Eric Workman

LiveView Interactions with SVGs

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Leaning into the idea of "growing a team", I have been building features into focused on team management, including 1-1s, 9-box diagrams, and soon career progression and leveling systems. I have a vision for how each feature works and how users interact with it. For nine box diagrams, I imagined an SVG chart with color-coded box areas and individually labeled points that the user could click and move the points into different regions.

A 9-box diagram is a tool used in human resources and management to evaluate and identify the potential of employees within an organization. The diagram is typically arranged in a 3x3 grid, with each box representing a different level of performance and potential. The horizontal axis typically represents an employee's current performance level, while the vertical axis represents their potential for future development or advancement. The resulting matrix allows managers to quickly identify high-potential employees who may be ready for promotion or additional development opportunities.

The Problem

My initial attempt at this 9-box diagram feature worked except for the user interaction. I wanted to drag and drop points on this diagram, but LiveView didn't support drag events natively. Instead, a two-click method works almost as well. The user clicks on a point in the diagram, the point gets highlighted, and then the user clicks another spot on the graphic for the point's new location.

This solution worked well until I made the SVG responsive -- the new coordinates didn't always match up with the clicks. Attempting to move a point would send it off the destination, sometimes even offscreen. This effect would be worse the as the graphic got smaller or much larger.

What was going on?

SVG uses viewbox to define the view of the elements from the user's perspective and determines the size of the units the elements use for sizing and spacing. I usually define the viewbox as the ultimate graphic size and allow CSS to do the appropriate sizing. Using the viewbox this way keeps things simple within the SVG.

Take this little drawing as an example:

<svg viewBox="0 0 50 50" xmlns="">
  <rect x="0" y="0" width="100" height="100" />
  <circle cx="20" cy="20" r="10" fill="white" />

In SVG coordinates, the origin (0,0) is the top-left corner of the graphic. No matter how you scale the window with the SVG on this page, the SVG internally stays the same as the overall graphic changes size. I use this same principle with the countdown timer on boards in, but those do not have any user interactions.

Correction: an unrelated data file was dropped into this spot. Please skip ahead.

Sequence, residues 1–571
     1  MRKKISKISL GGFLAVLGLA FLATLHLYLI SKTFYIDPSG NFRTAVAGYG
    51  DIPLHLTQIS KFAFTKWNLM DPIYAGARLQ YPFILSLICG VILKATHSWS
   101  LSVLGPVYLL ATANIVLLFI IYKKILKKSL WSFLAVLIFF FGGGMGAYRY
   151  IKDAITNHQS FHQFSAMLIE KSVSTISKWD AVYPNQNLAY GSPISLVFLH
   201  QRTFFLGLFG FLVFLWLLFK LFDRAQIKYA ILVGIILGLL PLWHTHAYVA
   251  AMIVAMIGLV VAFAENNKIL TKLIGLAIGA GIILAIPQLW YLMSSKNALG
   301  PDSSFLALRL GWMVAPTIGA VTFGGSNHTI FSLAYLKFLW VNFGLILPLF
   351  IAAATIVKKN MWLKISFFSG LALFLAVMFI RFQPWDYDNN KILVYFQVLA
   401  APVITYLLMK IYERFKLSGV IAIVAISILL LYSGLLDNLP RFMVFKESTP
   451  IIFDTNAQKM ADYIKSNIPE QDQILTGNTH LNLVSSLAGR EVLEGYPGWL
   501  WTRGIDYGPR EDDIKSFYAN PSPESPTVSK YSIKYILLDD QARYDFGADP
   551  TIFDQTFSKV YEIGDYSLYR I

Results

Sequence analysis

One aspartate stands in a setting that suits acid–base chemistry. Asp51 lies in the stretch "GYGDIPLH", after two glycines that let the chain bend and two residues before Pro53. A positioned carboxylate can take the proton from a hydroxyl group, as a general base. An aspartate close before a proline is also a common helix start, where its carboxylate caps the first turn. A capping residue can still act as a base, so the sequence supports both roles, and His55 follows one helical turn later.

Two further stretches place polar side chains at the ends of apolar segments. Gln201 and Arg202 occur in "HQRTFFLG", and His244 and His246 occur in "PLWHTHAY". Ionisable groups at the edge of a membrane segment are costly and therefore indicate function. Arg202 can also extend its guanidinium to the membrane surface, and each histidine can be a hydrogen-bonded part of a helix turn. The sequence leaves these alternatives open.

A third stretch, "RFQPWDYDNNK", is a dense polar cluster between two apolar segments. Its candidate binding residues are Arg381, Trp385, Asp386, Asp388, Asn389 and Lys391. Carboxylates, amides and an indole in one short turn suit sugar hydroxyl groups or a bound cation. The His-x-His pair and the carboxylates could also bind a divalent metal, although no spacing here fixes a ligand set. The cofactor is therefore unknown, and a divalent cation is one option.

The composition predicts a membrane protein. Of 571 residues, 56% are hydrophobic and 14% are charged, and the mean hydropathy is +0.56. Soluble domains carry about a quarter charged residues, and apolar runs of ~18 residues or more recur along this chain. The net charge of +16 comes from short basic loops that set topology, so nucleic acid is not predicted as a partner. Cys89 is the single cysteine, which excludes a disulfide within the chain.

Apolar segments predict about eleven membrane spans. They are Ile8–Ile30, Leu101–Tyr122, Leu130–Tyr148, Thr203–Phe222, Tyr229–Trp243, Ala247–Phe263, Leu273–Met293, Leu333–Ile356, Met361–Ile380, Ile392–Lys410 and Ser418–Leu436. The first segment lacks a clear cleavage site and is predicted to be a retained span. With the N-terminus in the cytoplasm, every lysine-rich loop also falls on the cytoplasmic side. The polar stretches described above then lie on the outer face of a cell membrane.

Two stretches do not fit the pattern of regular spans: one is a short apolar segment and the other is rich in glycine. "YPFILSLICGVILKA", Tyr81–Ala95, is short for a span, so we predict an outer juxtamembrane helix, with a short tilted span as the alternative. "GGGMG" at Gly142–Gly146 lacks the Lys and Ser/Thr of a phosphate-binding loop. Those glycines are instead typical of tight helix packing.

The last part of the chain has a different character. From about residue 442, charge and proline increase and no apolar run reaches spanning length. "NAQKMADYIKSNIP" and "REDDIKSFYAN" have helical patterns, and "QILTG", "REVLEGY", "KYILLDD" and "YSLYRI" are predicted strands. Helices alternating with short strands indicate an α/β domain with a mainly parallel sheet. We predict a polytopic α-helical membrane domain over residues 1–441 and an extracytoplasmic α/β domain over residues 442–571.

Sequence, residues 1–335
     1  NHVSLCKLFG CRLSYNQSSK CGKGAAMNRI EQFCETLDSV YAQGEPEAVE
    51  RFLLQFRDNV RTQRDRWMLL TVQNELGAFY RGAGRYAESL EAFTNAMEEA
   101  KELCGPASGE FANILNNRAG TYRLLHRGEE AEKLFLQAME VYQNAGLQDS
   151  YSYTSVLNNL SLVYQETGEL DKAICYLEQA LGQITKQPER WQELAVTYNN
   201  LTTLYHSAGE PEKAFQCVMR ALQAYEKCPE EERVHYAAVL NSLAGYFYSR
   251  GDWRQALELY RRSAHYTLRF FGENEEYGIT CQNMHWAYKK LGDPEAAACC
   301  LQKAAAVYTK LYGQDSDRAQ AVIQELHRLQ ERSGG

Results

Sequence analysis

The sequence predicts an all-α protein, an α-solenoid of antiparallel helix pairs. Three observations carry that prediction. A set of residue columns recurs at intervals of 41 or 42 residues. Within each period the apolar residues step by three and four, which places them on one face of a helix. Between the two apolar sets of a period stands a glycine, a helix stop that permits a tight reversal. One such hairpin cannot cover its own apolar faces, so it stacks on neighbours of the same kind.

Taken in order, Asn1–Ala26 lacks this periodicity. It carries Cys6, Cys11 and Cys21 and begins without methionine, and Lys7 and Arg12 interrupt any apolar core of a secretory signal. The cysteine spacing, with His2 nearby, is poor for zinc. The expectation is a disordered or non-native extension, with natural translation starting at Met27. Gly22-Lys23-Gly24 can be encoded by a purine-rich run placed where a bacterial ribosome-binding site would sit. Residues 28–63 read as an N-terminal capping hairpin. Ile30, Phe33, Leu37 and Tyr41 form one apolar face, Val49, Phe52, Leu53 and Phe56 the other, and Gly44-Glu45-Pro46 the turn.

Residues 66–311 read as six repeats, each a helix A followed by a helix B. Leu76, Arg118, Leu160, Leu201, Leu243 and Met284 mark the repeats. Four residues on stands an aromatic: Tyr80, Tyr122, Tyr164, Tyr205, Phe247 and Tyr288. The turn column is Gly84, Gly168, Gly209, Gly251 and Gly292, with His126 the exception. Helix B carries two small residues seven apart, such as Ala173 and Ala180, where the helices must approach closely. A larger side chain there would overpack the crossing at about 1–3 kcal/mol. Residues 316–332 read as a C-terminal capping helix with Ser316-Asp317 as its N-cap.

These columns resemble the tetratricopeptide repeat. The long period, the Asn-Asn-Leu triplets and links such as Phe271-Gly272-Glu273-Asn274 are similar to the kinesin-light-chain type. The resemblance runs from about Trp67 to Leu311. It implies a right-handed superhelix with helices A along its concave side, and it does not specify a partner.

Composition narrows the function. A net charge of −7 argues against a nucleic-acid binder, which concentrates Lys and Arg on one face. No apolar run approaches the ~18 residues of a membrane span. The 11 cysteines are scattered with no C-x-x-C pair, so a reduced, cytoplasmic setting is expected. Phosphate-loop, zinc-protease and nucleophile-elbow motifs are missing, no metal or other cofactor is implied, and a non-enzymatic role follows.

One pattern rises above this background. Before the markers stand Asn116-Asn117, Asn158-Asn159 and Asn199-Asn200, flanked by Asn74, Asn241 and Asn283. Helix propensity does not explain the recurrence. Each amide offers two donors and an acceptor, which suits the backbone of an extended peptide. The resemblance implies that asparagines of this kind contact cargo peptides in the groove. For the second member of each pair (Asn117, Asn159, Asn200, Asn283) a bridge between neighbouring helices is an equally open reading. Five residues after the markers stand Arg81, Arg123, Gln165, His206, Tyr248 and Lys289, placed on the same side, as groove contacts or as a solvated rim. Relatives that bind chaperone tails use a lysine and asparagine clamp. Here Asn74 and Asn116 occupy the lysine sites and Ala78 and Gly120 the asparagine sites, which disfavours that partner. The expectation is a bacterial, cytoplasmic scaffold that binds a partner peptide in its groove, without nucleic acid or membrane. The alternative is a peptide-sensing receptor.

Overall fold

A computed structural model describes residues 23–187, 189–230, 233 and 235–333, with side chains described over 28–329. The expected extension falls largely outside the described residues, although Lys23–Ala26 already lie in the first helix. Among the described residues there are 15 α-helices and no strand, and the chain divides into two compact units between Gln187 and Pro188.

LiveView optionally supports click metadata on the LiveSocket, including client, page, screen, and offset. offset is of interest here since it is the distance in pixels relative to the parent container. Suppose the SVG origin lines up with the HTML parent origin, i.e., there's no padding or margin on the SVG within an empty <div>. Then the offset event metadata will include the pixel distance from the SVG's origin. This explanation is a complicated way to say that we can line up the parent container and SVG to use the pixel coordinates and then read that in LiveView events.

This solution only works if the SVG is not scaled. One hundred pixels in the SVG must be one hundred pixels rendered on the page. When I made this graphic responsive, I lost this equivalent coordinate system. To correct this issue, we need to figure out the scaling of the SVG in LiveView.

The Solution

First, here's a significantly simplified template and event structure for this explanation.

<div id="ninebox-parent">
    <svg phx-click="plot-click" viewBox="0 0 800 800" id="ninebox">
        <%= for point <- @points do %>
            <circle phx-click="point-click" phx-value-point-id={} cx={point.x} cy={point.y} r="6"></circle>
        <% end %>

Each point is a circle in the SVG with a Phoenix click event called point-click. The whole diagram listens for clicks and sends the event plot-click. Since we can get the offsetX and offsetY of any click event on the points and know the point's original X and Y, we can use this to determine the scaling factor for each dimension.

def handle_event("point-click", %{"point-id" => point_id, "offsetX" => offsetX, "offsetY" => offsetY}, socket) do
    point = get_point!(point_id)
    scaleX = offsetX / point.x
    scaleY = offsetY / point.y
    {:noreply, socket
    |> assign(:scaleX, scaleX)
    |> assign(:scaleY, scaleY)

Then we can apply this scaling factor to the new click location and update the point's coordinates.

def handle_event("plot-click", %{"offsetX" => offsetX, "offsetY" => offsetY}, socket) do
    point = get_nine_box_point!(socket.assigns.highlighted_point_id)
    newX = offsetX / socket.assigns.scaleX
    newY = offsetY / socket.assigns.scaleY
    update_point(point, %{"x" => newX, "y" => newY})
    {:noreply, socket
    |> assign(:points, list_nineboxpoints( # refreshes the points to force a redraw

The complete code takes this idea much further, but this is the crux of the solution.

near final

near final